Shepard Street Press
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This collection of poems, published after the death of Mary R. Rice, as a memorial, provides poems that grapple with the sinfulness and courage of humans as well as the sheer ecstasy of natural blessings.
The poem "Good Friday 2002, Boston" juxtaposes appeals to God for mercy alongside the shouts of protestors who feel the Catholic church has forsaken them. Here is an excerpt, the final stanza:
Around the cathedral a circle
and more are here than inside
For whom do we ask mercy
The poem "Angels" presents the fiat of the Blessed Virgin Mary, as an occurence all of us wish to imitate, if only we could trust the invisible good messengers:
This was an annunciation, and a query.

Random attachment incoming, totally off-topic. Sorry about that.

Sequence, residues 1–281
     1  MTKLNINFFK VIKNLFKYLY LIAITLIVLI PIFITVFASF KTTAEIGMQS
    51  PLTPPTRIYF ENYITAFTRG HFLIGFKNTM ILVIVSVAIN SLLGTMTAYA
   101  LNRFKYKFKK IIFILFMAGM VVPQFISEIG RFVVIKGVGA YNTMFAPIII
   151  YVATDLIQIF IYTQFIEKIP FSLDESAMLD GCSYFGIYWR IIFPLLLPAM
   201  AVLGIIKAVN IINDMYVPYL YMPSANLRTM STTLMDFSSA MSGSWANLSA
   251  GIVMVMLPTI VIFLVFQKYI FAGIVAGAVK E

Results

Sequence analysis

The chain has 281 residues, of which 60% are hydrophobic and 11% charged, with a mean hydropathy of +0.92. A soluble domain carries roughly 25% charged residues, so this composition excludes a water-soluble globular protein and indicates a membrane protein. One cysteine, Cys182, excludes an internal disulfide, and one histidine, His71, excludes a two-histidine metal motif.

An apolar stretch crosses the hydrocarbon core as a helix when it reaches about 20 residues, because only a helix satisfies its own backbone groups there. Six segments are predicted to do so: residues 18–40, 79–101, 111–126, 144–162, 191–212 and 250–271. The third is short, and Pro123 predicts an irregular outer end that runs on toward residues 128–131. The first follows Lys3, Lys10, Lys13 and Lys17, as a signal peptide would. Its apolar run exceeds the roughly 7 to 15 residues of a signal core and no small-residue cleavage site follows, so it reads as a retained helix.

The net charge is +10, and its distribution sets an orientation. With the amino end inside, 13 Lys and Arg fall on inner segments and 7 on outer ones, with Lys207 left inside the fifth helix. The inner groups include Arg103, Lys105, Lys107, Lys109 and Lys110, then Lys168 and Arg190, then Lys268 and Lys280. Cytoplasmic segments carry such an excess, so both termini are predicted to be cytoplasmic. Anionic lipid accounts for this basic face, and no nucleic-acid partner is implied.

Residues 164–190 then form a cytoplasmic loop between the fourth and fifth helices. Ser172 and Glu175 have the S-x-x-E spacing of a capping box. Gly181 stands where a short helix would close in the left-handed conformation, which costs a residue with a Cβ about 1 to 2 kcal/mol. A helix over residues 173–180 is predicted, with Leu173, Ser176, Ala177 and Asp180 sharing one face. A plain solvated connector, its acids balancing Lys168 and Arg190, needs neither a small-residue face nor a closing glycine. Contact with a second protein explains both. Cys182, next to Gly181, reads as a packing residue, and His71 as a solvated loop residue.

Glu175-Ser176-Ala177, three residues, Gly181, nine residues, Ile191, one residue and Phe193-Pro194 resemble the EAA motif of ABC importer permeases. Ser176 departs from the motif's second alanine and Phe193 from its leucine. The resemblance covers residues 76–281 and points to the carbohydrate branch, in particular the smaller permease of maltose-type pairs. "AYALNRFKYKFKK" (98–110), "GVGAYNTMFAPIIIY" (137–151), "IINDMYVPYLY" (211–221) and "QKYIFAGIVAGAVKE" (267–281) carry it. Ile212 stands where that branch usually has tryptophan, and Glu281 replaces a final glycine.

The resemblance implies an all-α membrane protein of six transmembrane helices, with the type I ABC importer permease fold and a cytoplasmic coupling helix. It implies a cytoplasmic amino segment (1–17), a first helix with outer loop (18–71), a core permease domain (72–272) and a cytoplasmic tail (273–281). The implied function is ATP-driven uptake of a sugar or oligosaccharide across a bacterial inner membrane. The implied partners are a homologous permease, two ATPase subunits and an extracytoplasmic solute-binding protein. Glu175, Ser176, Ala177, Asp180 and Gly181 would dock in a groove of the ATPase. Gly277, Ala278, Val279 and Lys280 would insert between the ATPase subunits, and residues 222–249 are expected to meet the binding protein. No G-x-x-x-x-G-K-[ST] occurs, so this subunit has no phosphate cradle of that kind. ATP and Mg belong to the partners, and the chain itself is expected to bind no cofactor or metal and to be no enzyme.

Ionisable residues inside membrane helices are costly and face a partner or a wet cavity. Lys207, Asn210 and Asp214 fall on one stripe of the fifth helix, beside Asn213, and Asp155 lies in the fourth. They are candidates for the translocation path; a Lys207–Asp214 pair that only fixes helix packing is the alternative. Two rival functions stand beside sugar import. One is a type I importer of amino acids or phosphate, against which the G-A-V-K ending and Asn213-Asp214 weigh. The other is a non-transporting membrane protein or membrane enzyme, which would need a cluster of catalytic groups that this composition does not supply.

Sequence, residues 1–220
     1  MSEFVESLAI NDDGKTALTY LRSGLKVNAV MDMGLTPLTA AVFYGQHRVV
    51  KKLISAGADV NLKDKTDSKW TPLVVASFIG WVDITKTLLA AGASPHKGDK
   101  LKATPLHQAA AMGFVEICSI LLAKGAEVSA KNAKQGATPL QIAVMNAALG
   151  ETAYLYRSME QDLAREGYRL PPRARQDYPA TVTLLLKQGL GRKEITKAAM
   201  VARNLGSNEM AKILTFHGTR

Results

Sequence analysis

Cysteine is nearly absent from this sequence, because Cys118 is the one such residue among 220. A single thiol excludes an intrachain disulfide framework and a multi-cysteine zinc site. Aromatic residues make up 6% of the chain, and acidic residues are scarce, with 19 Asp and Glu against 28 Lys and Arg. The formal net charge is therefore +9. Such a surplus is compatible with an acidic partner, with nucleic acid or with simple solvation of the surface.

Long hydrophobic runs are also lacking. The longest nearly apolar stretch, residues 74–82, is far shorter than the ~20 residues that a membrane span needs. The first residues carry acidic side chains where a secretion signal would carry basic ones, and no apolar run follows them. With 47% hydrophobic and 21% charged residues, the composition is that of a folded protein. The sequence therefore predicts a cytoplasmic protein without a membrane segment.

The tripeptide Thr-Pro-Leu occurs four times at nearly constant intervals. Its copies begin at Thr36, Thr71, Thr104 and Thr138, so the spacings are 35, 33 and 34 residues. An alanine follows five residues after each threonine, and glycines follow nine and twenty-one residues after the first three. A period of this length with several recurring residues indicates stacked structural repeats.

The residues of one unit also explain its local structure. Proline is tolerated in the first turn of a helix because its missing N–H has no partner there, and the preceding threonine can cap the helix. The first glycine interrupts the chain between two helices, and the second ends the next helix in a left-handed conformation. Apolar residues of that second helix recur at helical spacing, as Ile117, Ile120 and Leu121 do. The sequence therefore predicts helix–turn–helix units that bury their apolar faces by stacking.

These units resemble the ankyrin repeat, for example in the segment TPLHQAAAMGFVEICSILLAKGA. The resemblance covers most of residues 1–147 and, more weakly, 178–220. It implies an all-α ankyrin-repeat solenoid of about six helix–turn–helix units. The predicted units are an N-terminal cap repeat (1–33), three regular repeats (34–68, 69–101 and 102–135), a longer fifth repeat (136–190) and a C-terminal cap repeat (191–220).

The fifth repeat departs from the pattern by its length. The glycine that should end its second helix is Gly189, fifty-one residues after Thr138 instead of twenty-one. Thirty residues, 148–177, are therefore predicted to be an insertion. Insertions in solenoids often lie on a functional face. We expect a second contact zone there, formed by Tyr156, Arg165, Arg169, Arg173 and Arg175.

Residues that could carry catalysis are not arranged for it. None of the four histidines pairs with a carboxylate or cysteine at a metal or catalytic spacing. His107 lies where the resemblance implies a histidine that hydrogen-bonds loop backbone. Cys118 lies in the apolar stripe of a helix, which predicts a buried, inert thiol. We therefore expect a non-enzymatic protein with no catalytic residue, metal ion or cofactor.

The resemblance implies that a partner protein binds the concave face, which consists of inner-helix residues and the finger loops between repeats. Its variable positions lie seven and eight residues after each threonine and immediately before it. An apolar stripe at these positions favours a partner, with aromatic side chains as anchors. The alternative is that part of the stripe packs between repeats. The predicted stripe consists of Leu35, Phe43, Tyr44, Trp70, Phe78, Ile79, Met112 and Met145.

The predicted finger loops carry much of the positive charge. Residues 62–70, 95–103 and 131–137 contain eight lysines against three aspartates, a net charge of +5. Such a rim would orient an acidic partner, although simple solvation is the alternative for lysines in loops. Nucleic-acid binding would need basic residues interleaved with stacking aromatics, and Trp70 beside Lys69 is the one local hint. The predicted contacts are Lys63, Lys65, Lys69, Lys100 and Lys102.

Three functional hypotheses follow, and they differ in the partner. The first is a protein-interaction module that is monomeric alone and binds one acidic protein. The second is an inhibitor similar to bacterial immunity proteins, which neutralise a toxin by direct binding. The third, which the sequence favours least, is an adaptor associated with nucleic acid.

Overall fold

The angel telling Mary, Queen of Heaven
this time, or about to be, queen
indeed of the angels: You're up,
here's your destiny. Will you go for it?
And don't we all wish for such
a messenger, impeccable however
embellished, saying: Hello, here's your future,
Trust it if you dare.
Too, Rice is a poet philosopher. Her poems about nature capture contemplation.
Numb, the rose
bush waits winter.
Spring brings pruning
each stalk cut
to a nub
leaves gone like
the flowers before.
But the roots
reach out, gather
in, sap rises
new stalks grow
new leaves and
large perfect roses.
This collection of poetry, Angels and Anarchists, is like the rose bush. Perennial. It will blossom again.
—Mary Ann Sullivan